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Adventure III:
A Case of Identity
Sir Arthur Conan Doyle
The Strand Magazine
September, 1891

"Good old Index.  You can't beat it."
The Diogenes Club:  Information about A Case of Identity
Information about
A Case of Identity


  "My dear fellow." said Sherlock Holmes as we sat on either
side of the fire in his lodgings at Baker Street, "life is infinitely
stranger than anything which the mind of man could invent. We
would not dare to conceive the things which are really mere
commonplaces of existence. If we could fly out of that window
hand in hand, hover over this great city, gently remove the
roofs, and peep in at the queer things which are going on, the
strange coincidences, the plannings, the cross-purposes, the won-
derful chains of events, working through generation, and leading
to the most outre results, it would make all fiction with its
conventionalities and foreseen conclusions most stale and unprof-
itable. "
  "And yet I am not convinced of it," I answered. "The cases
which come to light in the papers are, as a rule, bald enough,
and vulgar enough. We have in our police reports realism pushed
to its extreme limits, and yet the result is, it must be confessed,
neither fascinating nor artistic."
  "A certain selection and discretion must be used in producing
a realistic effect," remarked Holmes. "This is wanting in the
police report, where more stress is laid, perhaps, upon the
platitudes of the magistrate than upon the details, which to an
observer contain the vital essence of the whole matter. Depend
upon it, there is nothing so unnatural as the commonplace."
  I smiled and shook my head. "I can quite understand your
thinking so." I said. "Of course, in your position of unofficial
adviser and helper to everybody who is absolutely puzzled,
throughout three continents, you are brought in contact with all
that is strange and bizarre. But here" -- I picked up the morning
paper from the ground -- "let us put it to a practical test. Here is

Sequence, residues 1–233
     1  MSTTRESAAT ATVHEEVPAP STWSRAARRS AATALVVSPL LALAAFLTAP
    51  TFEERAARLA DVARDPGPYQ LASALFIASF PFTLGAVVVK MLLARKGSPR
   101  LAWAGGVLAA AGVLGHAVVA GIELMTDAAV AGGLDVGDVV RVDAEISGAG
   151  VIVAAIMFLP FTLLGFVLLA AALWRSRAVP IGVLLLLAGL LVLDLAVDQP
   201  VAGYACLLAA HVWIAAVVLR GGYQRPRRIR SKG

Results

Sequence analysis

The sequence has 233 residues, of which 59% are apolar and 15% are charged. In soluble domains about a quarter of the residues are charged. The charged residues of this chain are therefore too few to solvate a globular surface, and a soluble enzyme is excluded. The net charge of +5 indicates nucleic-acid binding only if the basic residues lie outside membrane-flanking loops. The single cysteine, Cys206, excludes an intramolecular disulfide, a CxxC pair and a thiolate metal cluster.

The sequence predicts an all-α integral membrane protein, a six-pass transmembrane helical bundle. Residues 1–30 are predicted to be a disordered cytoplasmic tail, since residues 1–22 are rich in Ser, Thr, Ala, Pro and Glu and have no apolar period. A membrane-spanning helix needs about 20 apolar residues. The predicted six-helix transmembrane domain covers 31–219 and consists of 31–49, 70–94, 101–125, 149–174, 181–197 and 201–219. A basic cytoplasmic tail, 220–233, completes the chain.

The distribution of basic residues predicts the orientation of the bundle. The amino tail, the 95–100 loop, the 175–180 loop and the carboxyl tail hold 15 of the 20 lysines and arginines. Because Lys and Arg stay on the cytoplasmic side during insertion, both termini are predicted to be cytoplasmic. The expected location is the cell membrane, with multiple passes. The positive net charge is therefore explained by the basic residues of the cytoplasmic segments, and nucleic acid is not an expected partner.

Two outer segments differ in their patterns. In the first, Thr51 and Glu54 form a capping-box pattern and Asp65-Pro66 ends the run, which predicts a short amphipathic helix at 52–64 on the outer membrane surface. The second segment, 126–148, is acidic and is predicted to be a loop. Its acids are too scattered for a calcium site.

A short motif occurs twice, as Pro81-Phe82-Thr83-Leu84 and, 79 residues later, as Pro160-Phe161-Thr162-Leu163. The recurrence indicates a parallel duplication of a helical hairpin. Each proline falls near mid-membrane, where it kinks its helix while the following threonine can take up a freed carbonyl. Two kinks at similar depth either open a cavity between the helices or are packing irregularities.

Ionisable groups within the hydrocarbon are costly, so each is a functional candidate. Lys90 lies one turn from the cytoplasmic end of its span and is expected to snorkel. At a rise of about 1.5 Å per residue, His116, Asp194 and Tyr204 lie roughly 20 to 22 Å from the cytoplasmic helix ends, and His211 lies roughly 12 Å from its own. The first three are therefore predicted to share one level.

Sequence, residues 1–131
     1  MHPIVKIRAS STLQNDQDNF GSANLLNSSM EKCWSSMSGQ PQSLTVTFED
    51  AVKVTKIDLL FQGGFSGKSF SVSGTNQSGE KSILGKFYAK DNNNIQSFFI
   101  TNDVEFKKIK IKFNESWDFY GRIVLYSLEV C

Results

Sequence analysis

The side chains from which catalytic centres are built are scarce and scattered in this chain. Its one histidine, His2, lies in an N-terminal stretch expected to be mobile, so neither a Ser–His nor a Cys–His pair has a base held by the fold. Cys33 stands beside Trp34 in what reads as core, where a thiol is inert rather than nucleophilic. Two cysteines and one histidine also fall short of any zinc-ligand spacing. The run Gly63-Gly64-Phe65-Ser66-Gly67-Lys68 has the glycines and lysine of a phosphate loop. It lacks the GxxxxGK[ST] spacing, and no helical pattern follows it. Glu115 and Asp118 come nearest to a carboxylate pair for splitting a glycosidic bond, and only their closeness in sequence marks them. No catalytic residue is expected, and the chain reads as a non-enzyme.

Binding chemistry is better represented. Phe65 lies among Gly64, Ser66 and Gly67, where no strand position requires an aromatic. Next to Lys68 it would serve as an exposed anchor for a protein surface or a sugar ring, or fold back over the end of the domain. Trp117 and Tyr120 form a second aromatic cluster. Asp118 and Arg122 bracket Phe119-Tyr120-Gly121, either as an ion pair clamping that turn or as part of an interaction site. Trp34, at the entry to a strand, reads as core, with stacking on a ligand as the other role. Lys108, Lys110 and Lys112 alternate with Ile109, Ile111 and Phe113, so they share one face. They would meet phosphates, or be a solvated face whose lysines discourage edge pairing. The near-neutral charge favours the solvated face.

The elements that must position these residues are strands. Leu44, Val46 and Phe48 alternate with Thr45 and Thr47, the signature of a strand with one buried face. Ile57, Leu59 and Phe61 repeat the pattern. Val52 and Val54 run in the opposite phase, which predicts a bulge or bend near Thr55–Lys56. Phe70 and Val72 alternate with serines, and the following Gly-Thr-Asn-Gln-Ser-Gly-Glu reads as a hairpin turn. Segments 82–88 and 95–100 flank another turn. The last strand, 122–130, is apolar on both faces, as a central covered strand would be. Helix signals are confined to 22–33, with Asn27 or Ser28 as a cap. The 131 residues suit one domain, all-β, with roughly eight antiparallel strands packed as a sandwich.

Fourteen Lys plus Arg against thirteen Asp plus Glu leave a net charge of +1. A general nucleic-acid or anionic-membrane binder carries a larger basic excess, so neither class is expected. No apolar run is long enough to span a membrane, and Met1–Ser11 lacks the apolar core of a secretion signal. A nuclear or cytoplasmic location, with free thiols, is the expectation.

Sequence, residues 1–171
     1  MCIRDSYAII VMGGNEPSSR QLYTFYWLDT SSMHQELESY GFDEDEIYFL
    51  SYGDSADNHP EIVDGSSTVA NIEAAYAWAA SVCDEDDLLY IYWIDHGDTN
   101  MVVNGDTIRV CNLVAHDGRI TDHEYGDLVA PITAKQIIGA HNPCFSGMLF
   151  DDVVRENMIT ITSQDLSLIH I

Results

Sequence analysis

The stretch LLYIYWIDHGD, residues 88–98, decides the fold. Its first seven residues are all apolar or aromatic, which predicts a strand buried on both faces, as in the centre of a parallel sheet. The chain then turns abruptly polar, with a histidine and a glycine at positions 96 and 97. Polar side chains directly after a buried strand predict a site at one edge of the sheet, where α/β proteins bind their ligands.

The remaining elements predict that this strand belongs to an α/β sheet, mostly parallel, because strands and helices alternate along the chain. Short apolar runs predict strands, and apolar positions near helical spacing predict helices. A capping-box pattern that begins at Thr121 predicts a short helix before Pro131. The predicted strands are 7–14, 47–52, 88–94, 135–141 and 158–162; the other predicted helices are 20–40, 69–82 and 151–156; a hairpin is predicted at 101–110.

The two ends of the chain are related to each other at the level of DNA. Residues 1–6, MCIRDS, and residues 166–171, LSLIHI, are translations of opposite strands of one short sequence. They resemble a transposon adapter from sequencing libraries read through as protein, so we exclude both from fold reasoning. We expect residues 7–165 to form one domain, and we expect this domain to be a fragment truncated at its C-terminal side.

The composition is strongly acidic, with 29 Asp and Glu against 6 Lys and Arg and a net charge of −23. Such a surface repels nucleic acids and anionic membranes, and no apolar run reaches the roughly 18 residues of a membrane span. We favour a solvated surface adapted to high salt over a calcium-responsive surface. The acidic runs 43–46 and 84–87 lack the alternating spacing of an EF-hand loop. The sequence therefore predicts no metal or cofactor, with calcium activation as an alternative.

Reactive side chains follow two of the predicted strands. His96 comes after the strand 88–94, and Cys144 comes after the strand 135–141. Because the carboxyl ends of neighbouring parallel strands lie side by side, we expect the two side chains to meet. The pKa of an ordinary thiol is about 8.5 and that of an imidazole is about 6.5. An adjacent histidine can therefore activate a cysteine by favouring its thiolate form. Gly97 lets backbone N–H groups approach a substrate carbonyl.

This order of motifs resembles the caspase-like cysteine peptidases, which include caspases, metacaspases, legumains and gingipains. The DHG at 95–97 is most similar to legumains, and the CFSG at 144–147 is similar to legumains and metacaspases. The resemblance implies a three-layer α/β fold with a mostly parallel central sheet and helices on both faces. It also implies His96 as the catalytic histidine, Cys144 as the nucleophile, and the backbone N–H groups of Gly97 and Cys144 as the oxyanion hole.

the first heading upon which I come. 'A husband's cruelty to his
wife.' There is half a column of print, but I know without
reading it that it is all perfectly familiar to me. There is. of
course, the other woman, the drink, the push, the blow, the
bruise, the sympathetic sister or landlady. The crudest of writers
could invent nothing more crude."
  "Indeed, your example is an unfortunate one for your argu-
ment," said Holmes, taking the paper and glancing his eye down
it. "This is the Dundas separation case, and, as it happens, I was
engaged in clearing up some small points in connection with it.
The husband was a teetotaler, there was no other woman, and
the conduct complained of was that he had drifted into the habit
of winding up every meal by taking out his false teeth and
hurling them at his wife, which, you will allow, is not an action
likely to occur to the imagination of the average story-teller.
Take a pinch of snuff, Doctor, and acknowledge that I have
scored over you in your example."
  He held out his snuffbox of old gold, with a great amethyst in
the centre of the lid. Its splendour was in such contrast to his
homely ways and simple life that I could not help commenting
upon it.
  "Ah," said he, "I forgot that I had not seen you for some
weeks. It is a little souvenir from the King of Bohemia in return
for my assistance in the case of the Irene Adler papers."
  "And the ring?" I asked, glancing at a remarkable brilliant
which sparkled upon his finger.
  "It was from the reigning family of Holland, though the
matter in which I served them was of such delicacy that I cannot
confide it even to you, who have been good enough to chronicle
one or two of my little problems."
  "And have you any on hand just now?" I asked with interest.
  "Some ten or twelve, but none which present any feature of
interest. They are important, you understand, without being
interesting. Indeed, I have found that it is usually in unimportant
matters that there is a field for the observation, and for the quick
analysis of cause and effect which gives the charm to an investi-
gation. The larger crimes are apt to be the simpler, for the
bigger the crime thc more obvious, as a rule, is the motive. In
these cases, save for one rather intricate matter which has been
referred to me from Marseilles, there is nothing which presents
any features of interest. It is possible, however, that I may have
something better before very many minutes are over, for this is
one of my clients, or I am much mistaken."
  He had risen from his chair and was standing between the
parted blinds gazing down into the dull neutral-tinted London
street. Looking over his shoulder, I saw that on the pavement
opposite there stood a large woman with a heavy fur boa round
her neck, and a large curling red feather in a broad-brimmed hat
which was tilted in a coquettish Duchess of Devonshire fashion
over her ear. From under this great panoply she peeped up in a
nervous, hesitating fashion at our windows, while her body
oscillated backward and forward, and her fingers fidgeted with
her glove buttons. Suddenly, with a plunge, as of the swimmer
who leaves the bank, she hurried across the road, and we heard
the sharp clang of the bell.
  "I have seen those symptoms before," said Holmes, throwing
his cigarette into the fire. "Oscillation upon the pavement al-
ways means an affaire de coeur. She would like advice, but is
not sure that the matter is not too delicate for communication.